By working to make it faster, easier and more affordable for residents to switch to solar power, the City of Missoula has been recognized as “open for solar business” by an international renewable energy advocacy organization.
The Montana Renewable Energy Association presented the city with a SolSmart Silver Designation award last week for reducing obstacles for homes and businesses to go solar and encouraging solar energy growth.
“SolSmart designation is more than just an award,” says Chase Jones, energy conservation coordinator with the City of Missoula. “Missoula is demonstrating to local businesses, solar companies, and residents that Missoula is a great place to ‘go solar’.”
The City’s website has a solar landing page at ci.missoula.mt.us/2275/Going-Solar with a permitting checklist, qualified installers, financing information, tax incentive packages and additional resources.
The Bipartisan Budget Act of 2018 contains a number of tax credits for residential energy efficiency as well as tax credits for builders of energy-efficient homes and tax deductions for energy-efficient commercial buildings.
Jones and Andrew Valainis of the Montana Renewable Energy Association, in partnership with Missoula County, Climate Smart Missoula and the Missoula Federal Credit Union, put together education workshops last year designed to show how easy it is to obtain affordable, clean and reliable electricity through solar. Jones said the implementation of more solar panels creates local jobs and drives economic development.
“Thoughtful planning is an important step that lays a foundation for taking action,” Jones said. “Earning this designation is an actionable step towards greater resiliency and the improved health of our community members, our economy and our environment.”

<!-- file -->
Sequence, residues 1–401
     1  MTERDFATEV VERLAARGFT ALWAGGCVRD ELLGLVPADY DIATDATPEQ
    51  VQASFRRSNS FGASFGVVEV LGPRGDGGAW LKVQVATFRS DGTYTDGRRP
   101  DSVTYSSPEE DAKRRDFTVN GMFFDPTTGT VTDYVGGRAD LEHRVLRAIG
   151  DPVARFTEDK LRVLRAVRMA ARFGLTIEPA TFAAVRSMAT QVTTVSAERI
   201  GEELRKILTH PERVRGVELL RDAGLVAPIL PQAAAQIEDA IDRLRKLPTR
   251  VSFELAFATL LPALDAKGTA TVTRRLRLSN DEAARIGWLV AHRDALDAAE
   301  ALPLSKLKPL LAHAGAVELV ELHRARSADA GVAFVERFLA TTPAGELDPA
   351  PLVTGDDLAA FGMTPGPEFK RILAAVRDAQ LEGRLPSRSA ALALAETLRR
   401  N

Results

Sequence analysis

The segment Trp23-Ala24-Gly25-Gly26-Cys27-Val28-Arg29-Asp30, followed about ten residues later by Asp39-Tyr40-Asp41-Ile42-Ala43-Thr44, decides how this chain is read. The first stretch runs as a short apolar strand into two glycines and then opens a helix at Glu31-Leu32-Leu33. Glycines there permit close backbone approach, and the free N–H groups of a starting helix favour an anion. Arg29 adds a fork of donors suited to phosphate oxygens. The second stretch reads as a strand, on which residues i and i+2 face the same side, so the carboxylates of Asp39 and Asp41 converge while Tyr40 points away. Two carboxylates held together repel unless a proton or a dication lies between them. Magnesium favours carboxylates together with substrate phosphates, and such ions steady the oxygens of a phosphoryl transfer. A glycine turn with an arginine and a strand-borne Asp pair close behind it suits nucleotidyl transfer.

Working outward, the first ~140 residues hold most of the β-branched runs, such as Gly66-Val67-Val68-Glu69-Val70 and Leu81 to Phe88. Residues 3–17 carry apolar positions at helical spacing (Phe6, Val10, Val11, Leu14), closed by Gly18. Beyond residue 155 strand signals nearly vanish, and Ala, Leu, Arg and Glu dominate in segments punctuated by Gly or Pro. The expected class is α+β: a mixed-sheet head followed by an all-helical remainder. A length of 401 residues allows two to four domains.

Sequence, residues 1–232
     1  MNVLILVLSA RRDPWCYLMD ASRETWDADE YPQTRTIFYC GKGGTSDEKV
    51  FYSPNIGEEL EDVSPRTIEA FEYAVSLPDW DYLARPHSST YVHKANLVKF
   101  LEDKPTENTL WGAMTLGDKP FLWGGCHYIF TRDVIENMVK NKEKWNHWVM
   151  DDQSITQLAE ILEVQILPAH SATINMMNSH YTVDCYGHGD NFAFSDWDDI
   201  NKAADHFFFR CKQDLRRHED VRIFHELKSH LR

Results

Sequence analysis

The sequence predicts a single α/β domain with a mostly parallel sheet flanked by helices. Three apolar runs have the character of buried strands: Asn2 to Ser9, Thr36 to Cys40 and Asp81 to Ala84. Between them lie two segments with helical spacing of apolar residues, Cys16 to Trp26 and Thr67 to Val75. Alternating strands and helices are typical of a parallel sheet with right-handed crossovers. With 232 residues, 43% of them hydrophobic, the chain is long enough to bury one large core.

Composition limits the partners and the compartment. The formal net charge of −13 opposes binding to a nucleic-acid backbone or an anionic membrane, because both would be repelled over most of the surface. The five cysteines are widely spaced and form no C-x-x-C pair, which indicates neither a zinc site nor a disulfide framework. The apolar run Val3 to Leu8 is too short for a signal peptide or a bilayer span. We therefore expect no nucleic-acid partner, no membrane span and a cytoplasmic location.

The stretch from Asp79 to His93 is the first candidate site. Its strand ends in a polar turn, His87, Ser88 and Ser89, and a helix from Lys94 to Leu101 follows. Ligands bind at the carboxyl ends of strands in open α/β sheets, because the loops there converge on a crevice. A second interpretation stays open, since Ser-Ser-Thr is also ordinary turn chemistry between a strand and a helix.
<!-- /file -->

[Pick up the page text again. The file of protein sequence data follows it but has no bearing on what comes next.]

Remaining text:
To receive the designation, the city had to make changes to local processes to reduce the time and money it takes to install a solar energy system.
“This program is great because it applies to any community that wants to make it easier for their residents and businesses to install solar,” said Valainis, who is the executive director of the MREA. “Missoula is one of the more developed solar markets in Montana, and there are still ways to continue streamlining processes.”
The city has a commitment to 100 percent clean energy by 2035 and Jones said the city will work toward a “gold” designation in the coming months.
The Missoula Federal Credit Union put together a guide to financing solar power for residential homes and businesses.
The guide can be found online at https://missoulafcu.org/environment/.
SolSmart is led by The Solar Foundation and the International City/County Management Association (ICMA) and funded by the U.S. Department of Energy Solar Energy Technologies Office. More than 200 cities, counties and small towns have achieved SolSmart designation since the program launched in 2016.